Reading all those obituaries has been a privilege and has taken me on a wonderful journey, not only through the history of the Western District, but to place such as game parks in Africa and the silver mines of South America.  The lives I have glimpsed into range from that of gentry to general hand, but all have shared in making Western Victoria the place it is today.

Some of the pioneers were born during the early days of Victoria,  while others dared their lives aboard immigrant ships in the hope of a better life.  Many travelled from the ports to the Western District by bullock wagon on rough tracks, while enduring unfamiliar conditions.  They built houses on land that would one day see towns such as Penshurst, Hamilton and Balmoral grow around them.

The women from the pioneering era deserve recognition.   Some were alone among men, left to bear and raise children and turn their canvas tents or slab huts into homes.  Many endured loneliness, but as towns grew some became involved with community activities such as the church.   Despite their hardships, many of these women’s obituaries noted that even in old age they would reminisce about those times.

Obituaries came after the pioneer “crossed the Great Divide”, penned by someone who too had heard the stories but may not have had all the facts.  That is my warning to you while you read obituaries and in the July 2012 Passing of the Pioneers I will show this with an obituary from my family.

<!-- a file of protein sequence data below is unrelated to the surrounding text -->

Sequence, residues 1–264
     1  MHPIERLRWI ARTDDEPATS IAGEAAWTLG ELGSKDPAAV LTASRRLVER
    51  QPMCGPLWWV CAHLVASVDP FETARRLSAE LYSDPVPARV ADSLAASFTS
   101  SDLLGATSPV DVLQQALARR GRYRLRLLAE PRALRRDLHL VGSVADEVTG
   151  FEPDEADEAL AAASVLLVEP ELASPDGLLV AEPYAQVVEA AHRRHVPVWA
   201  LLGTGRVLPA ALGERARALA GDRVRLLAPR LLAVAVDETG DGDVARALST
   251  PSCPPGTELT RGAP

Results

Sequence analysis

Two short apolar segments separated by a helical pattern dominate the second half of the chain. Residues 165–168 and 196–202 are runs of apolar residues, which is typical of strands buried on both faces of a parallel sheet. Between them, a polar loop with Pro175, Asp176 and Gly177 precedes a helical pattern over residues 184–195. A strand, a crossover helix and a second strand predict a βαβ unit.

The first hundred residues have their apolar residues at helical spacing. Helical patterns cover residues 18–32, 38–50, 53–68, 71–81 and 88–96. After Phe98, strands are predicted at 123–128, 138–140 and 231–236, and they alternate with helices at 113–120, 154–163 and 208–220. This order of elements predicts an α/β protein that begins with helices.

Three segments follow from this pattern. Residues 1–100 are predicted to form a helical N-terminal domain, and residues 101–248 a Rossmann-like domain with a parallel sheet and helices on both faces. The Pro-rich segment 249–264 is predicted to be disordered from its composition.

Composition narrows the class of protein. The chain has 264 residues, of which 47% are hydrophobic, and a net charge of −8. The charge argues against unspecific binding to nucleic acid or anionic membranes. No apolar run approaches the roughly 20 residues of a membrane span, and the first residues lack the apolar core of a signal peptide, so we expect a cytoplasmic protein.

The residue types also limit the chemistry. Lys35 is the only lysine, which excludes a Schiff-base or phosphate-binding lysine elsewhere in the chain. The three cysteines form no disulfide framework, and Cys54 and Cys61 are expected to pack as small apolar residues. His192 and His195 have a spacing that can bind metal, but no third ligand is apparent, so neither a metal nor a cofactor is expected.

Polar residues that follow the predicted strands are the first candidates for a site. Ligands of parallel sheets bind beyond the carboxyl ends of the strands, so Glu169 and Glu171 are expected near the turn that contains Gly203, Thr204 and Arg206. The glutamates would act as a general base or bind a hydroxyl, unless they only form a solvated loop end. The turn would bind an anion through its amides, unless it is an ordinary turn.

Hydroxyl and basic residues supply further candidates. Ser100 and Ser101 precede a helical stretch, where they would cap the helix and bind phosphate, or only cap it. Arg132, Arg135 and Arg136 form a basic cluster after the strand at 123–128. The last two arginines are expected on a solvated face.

Having said that,  it is the snippets of information within them that make obituaries a worthwhile family history resource.  Names of children and their married names, places of residence, occupations and immigration details are just some of those snippets which you can then test against the relevant records.

Many of the obituaries I have read have moved me, inspired me and led me to further research.   I have listed just some of those, not so much for the achievements of the subject but the stories they tell.  Click on the pioneer’s name to go to their original newspaper obituary or the date to go to the Passing of the Pioneers post where the obituary appeared:

Frederick William BILSTON (August 2011)

Mrs Agnes CHEQUER (November 2011)

Thomas Denton CLARKE (October 2011)

Elizabeth COLE (March 2012)

James DAWSON (April 2012)

Alfred Irvine HOGAN (February 2012)

KITTSON family – James (May 2012), James Trotter (December 2011),  Rebecca (January 2012),  Susannah (June 2012) and Mrs Margaret Kittson (May 2012)

MALSEED family – Fanny Ann (February 2012),  Robert J. (May 2012) ,  Mrs E.A. MALSEED (August 2011) and Mary HEDDITCH  (Mrs James MALSEED) (July 2011)

Finlay McPherson PATON (September 2011)

Joseph Bell PEARSON (July 2011)

Passing of the Pioneers

It never ceases to amaze me how the branches of my family tree reach out through the Western District and entwine with the branches of other family trees. The roots of each tree are different, but the branches come together by way of marriage.  In this month’s Passing of the Pioneers, two of the families represented have links to two of my own families.

This month also sees Mr and Mrs George Excell who sadly passed away within hours of each other. There is also a member of the Kittson family of Bridgewater and a dentist born in the same area. There is Margaret McWilliams, educated in Belgium and John Gorman, an Irish policeman.